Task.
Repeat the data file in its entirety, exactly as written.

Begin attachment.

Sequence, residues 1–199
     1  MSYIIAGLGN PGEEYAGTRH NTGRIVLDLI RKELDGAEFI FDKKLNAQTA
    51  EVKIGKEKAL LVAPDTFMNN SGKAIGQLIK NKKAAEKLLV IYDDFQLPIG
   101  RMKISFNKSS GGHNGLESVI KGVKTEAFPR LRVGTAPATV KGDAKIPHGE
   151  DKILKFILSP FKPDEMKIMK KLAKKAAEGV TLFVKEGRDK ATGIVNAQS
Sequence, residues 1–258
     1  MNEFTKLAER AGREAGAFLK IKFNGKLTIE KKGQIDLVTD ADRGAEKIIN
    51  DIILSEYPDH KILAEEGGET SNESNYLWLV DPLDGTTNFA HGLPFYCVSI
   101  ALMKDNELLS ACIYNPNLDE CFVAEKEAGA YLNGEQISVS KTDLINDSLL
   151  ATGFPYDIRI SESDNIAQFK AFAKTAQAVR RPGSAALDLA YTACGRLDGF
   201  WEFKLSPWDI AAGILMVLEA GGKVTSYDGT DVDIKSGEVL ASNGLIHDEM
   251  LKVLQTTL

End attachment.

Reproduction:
Sequence, residues 1–199
     1  MSYIIAGLGN PGEEYAGTRH NTGRIVLDLI RKELDGAEFI FDKKLNAQTA
    51  EVKIGKEKAL LVAPDTFMNN SGKAIGQLIK NKKAAEKLLV IYDDFQLPIG
   101  RMKISFNKSS GGHNGLESVI KGVKTEAFPR LRVGTAPATV KGDAKIPHGE
   151  DKILKFILSP FKPDEMKIMK KLAKKAAEGV TLFVKEGRDK ATGIVNAQS
Sequence, residues 1–258
     1  MNEFTKLAER AGREAGAFLK IKFNGKLTIE KKGQIDLVTD ADRGAEKIIN
    51  DIILSEYPDH KILAEEGGET SNESNYLWLV DPLDGTTNFA HGLPFYCVSI
   101  ALMKDNELLS ACIYNPNLDE CFVAEKEAGA YLNGEQISVS KTDLINDSLL
   151  ATGFPYDIRI SESDNIAQFK AFAKTAQAVR RPGSAALDLA YTACGRLDGF
   201  WEFKLSPWDI AAGILMVLEA GGKVTSYDGT DVDIKSGEVL ASNGLIHDEM
   251  LKVLQTTL